Thursday, July 17, 2008

I still have no Internet in my apartment.

So, I'm posting from work, and I haven't brought my pre-written blog posts here. I'll get them up here eventually, I promise.

I'm missing the dig already. I like being back in the States; things like "my own apartment" and "seeing my friends" are kinda nice. But I miss the excitement of being abroad. I miss dig folks, I miss hard work every day, I miss never knowing what I'm going to see. I guess I'll have to go back, huh?

The plan for today is to go fence! I haven't fenced in ages upon ages, but I ran into Matthias at the Pub the other night, and he offered to fence epee with me today. He'll have to rescue my gear from the clutches of the Crown, but that shouldn't be too hard. I've missed my blades... they're probably pretty rusty at this point, but then again, so am I. I'll let you all know how it goes, and whether I can still live up to that "D" ranking that I earned once upon a time.

Tuesday, July 15, 2008

Quick update

Back in the States, everyone! Alive and well. I don't have Internet at my apartment, so I'll be coming to you LIVE from the nearest Internet cafe whenever possible, until I can get the right wires plugged in at my home. I am going to finish the story, don't worry. I realized that I left out the trip to Nimrod's Fortress on day one, and it's all written and ready to be posted. Day Two is still in the works, but I've got a good chunk of it done. Following that, I just need to write up Jerusalem and Cairo. So, you've got a good chunk of Middle Eastern adventures still to come your way! Also, I'll be posting a lot more pictures.

I've heard from Mom that there have been rumblings that I should publish this account of my trip abroad. Honestly, that sounds like a fun idea, although I don't know if anyone would actually read it or be interested... I'd love to write this up in a much more in-depth fashion. As it is, you guys have gotten the pared-down version, because if I wrote every detail of what I saw, these posts would have taken me all night, every night. Anyway, if I do write more about the trip, particularly about the places I visited, I'll be sure to post it here. Keep reading!

Friday, July 11, 2008

Google is all in Hebrew again.

I have arrived at Ben Gurion International in Tel Aviv... five and a half hours before my flight starts checking in. Oh, well. Nothing for it but to keep working on the blog, but first I gotta scare off these kids that are surreptitiously checking out my laptop.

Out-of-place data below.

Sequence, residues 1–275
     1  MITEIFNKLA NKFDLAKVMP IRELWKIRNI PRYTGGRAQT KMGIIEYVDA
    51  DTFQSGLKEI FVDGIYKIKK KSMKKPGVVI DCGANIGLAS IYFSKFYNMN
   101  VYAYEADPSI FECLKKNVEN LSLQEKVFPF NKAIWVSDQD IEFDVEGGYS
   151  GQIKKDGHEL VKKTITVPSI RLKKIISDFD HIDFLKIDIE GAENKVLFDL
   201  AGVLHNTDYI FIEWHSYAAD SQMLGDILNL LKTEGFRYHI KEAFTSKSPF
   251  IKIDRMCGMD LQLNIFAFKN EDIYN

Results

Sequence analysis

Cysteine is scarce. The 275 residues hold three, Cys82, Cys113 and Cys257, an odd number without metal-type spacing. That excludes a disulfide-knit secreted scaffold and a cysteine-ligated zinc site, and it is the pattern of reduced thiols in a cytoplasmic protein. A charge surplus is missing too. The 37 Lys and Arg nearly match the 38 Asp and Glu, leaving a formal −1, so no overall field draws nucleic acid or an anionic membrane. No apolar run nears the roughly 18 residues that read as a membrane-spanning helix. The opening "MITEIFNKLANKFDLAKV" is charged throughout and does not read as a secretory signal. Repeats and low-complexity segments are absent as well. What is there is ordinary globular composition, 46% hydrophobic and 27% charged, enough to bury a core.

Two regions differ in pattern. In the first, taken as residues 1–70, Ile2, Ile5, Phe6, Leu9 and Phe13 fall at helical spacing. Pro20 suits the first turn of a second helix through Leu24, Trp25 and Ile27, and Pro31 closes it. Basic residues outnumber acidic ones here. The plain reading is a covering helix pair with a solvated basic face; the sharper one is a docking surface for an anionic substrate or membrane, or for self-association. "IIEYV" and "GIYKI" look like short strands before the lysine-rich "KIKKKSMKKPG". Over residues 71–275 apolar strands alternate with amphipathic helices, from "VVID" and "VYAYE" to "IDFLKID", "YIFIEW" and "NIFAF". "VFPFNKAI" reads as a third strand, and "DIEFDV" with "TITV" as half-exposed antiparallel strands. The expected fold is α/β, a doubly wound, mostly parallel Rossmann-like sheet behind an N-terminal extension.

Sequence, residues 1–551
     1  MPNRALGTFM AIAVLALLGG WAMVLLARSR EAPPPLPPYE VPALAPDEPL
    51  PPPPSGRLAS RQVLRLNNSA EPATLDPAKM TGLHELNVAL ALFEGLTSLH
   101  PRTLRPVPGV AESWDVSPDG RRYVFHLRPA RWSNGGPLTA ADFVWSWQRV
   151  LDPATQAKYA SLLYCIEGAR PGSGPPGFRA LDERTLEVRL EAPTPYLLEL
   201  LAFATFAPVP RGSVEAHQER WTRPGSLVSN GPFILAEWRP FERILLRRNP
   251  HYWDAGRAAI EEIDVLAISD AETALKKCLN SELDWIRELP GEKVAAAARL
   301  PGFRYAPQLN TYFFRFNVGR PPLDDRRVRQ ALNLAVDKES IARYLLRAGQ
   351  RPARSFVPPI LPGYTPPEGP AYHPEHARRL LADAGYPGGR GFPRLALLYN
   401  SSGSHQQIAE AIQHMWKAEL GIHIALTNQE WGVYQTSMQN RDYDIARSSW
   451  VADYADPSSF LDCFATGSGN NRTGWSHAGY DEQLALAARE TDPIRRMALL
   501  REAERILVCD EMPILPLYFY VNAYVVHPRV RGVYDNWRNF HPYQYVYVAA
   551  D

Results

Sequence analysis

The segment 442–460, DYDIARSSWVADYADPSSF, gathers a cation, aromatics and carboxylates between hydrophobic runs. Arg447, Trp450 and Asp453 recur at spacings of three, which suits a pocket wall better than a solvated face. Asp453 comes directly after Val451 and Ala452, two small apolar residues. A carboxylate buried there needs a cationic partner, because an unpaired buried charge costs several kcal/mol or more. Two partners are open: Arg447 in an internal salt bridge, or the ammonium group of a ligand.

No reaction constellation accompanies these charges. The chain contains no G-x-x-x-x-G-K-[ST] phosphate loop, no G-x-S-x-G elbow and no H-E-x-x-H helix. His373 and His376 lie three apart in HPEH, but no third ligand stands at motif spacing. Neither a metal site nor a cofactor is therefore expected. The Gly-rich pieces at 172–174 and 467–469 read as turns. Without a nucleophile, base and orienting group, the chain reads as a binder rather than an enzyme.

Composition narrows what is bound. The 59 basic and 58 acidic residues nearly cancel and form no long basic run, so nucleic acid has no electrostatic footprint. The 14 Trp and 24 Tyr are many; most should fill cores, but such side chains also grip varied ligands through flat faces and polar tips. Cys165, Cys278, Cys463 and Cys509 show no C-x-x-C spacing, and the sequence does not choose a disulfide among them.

P.S. - The first "Northern Excursion" post is predated, so it will be below this one. Check it out!

Wednesday, July 9, 2008

The Northern Excursion: Days Zero and One

This will be a postdated... predated?... entry. I'm writing it on looseleaf as I sit at the Egyptian consulate in Eilat. My hands are shaking a little - you all know I'm shy at first, although the two men here have been incredibly accommodating. But I will get to my Cairo travel stories later. For now I'll catch you up on the final group excursion.

We said our goodbyes - I may never see Liz again - and left Kibbutz Lahav at 2:30 on Friday. We didn't stop along the way, but made straight for Tiberias (Tveria, in the Hebrew). Watching the landscape change as we moved northward was enthralling. I started out by trying to finish up Warriors of God, but found myself persistently staring out the window. In the Negev, we sat perched on yellow, sun-baked, dusty hills. Straw and chaff swirled up at every movement. As we traveled north, the hills steepened and became greener. The air became wetter. We drove past mountains on both sides, and cut through one of only two passes - used since ancient times - through the Mt. Carmel range. Past the mountains, the land again sank toward the rift valley, and the terrain looked more familiar - albeit far more verdant. The Sea of Galilee, like the Dead Sea, is below sea level. To the west are the same kinds of rolling hills I encountered in the Negev, interspersed with high tells. To the east, clearly visible as a steep cliff across the Sea of Galilee, are the Golan Heights and Jordan.

We reached our hotel in Tiberias at about 5:30. Tiberias is a stunning city. It reminded me a lot of Casares, with red-tiled roofs stairstepping up steep hills. At the bottom, however, Tiberias slopes directly into the glittering Galilee. From our hotel room, we could look out over the town to the steel-blue sea. Directly across from us was an expansive view of the Golan, and the Yarmuk River Valley which separates it from Jordan was visible a little to the south. The first night, there were no particular plans, so we took to the city on our own.

Before dinner, we all set out to explore a little bit and see what could be seen in the city. We all started out heading different directions, but ended up running into eachother near an old Islamic section of the city wall, with a locked-up castle nearby. Anna and I also found an abandoned school building, which we promptly climbed into via a broken window. The walls were covered in graffiti in every language, and we found an old Hebrew school book on the floor. At this point, we had to return to the hotel for dinner; but afterward, the bus brought us to the water's edge for a night out on the town.